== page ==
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Public reputation data

IP based reputation is a measure of the quality of the mail coming from a particular IP address. Because of how reputation data is collected and evaluated it is difficult for third parties to provide a reputation score for a particular IP address. The data has to be collected in real time, or as close to real time as possible. Reputation is also very specific to the source of the data. I have seen cases where a client has a high reputation at one ISP and a low reputation at another.
All this means is that there are a limited number of public sources of reputation data. Some ISPs provide ways that senders can check reputation at that ISP. But if a sender wants to check a broader reputation across multiple ISPs where can they go?
There are multiple public sources of data that I use to check reputation of client IP addresses.
Blocklists provide negative reputation data for IP addresses and domain names. There are a wide range of blocklists with differing listing criteria and different levels of trust in the industry. Generally the more widely used a list the more accurate and relevant it is. Generally I check the Spamhaus lists and URIBL/SURBL when investigating a client. I find these lists are good sources for discovering real issues or problems.
For an overall view into the reputation of an IP address, both positive and negative, I check with senderbase.org provided by Ironport and senderscore.org provided by ReturnPath.
All reputation sources have limitations. The primary limitation is they are only as good as their source data, and their source data is kept confidential. Another major limitation is reputation sources are only as good as the reputation of the maintainer. If the maintainer doesn’t behave with integrity then there is no reason for me to trust their data.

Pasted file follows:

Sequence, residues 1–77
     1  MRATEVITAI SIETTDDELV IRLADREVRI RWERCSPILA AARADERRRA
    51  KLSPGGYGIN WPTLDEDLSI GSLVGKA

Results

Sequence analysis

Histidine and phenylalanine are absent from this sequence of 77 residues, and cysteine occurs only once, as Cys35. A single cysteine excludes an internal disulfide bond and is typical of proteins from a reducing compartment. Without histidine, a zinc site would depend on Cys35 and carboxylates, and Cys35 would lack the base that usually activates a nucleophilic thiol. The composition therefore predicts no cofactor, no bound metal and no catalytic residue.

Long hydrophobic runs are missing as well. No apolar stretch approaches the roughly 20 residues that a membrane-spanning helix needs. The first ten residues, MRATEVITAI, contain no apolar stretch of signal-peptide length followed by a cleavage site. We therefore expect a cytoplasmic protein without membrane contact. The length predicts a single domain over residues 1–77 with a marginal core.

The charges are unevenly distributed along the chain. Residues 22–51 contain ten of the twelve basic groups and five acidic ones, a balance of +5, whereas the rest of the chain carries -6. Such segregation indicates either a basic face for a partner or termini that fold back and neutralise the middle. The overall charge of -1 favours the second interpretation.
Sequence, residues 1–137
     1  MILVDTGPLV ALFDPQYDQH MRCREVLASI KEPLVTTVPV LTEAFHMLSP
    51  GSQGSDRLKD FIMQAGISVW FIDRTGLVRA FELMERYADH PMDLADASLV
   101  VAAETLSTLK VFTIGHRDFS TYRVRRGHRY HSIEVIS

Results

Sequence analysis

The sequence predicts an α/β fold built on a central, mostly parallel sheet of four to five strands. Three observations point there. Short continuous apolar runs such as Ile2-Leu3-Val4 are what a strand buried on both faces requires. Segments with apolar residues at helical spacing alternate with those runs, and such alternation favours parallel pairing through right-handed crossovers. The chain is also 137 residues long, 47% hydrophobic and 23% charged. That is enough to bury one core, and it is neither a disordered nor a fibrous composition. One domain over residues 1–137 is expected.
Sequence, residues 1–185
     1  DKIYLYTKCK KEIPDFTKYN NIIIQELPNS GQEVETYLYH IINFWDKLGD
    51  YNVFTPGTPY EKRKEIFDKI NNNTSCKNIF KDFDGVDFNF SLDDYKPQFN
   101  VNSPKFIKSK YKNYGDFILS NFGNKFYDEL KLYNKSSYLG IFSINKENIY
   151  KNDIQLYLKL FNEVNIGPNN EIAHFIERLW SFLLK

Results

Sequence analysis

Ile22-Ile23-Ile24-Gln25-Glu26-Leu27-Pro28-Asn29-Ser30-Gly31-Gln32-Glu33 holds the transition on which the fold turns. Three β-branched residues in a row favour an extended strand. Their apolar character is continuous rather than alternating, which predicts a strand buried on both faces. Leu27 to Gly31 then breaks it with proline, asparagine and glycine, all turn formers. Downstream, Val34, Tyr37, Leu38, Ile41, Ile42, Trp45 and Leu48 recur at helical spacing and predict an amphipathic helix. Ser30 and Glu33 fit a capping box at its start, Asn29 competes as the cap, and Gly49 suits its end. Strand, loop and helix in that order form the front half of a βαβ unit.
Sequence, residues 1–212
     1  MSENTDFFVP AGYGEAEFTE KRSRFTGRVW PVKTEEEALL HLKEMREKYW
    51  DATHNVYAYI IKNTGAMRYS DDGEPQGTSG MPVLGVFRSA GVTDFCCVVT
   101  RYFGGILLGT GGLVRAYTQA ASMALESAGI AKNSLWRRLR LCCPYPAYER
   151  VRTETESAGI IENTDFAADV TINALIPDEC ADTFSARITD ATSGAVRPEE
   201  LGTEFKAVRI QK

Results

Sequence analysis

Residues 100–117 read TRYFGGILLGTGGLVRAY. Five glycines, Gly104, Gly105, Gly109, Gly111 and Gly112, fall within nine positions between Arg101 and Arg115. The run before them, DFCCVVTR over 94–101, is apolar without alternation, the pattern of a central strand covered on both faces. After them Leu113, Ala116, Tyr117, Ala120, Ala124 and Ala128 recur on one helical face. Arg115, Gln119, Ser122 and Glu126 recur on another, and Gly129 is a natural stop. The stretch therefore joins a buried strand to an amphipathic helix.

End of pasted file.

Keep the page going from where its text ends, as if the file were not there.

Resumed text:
I use a number of criteria to evaluate reputation providers.

  1. Personal history. I’ve been around this industry longer than most of the reputation sources. I’ve watched them develop, modify and adapt their policies over time.
  2. How widely is the data used? This is particularly important when using blocklists. Lists that are widely used tend to have a more accurate listing policies as most large ISPs don’t want a lot of non-spam blocked.
  3. How transparent is the provider? As I mentioned above there are good reasons for all reputation providers to keep their methods and data sources close to the vest. But that need for secrecy has to be balanced with enough transparency that their data and information can be verified by outside sources.
  4. How do representatives handle themselves with listees and in public? Are they helpful or disdainful? Do they value the enduser and want the recipient to receive mail they want? The behaviour of employees and volunteers in public and with listees reflects the underlying values of the list and can be a major indicator of the value of the list.

Public sources of reputation data can be useful but not every source is created equally. When deciding what sources to listen to you need to evaluate the reputation of the source entity, too.

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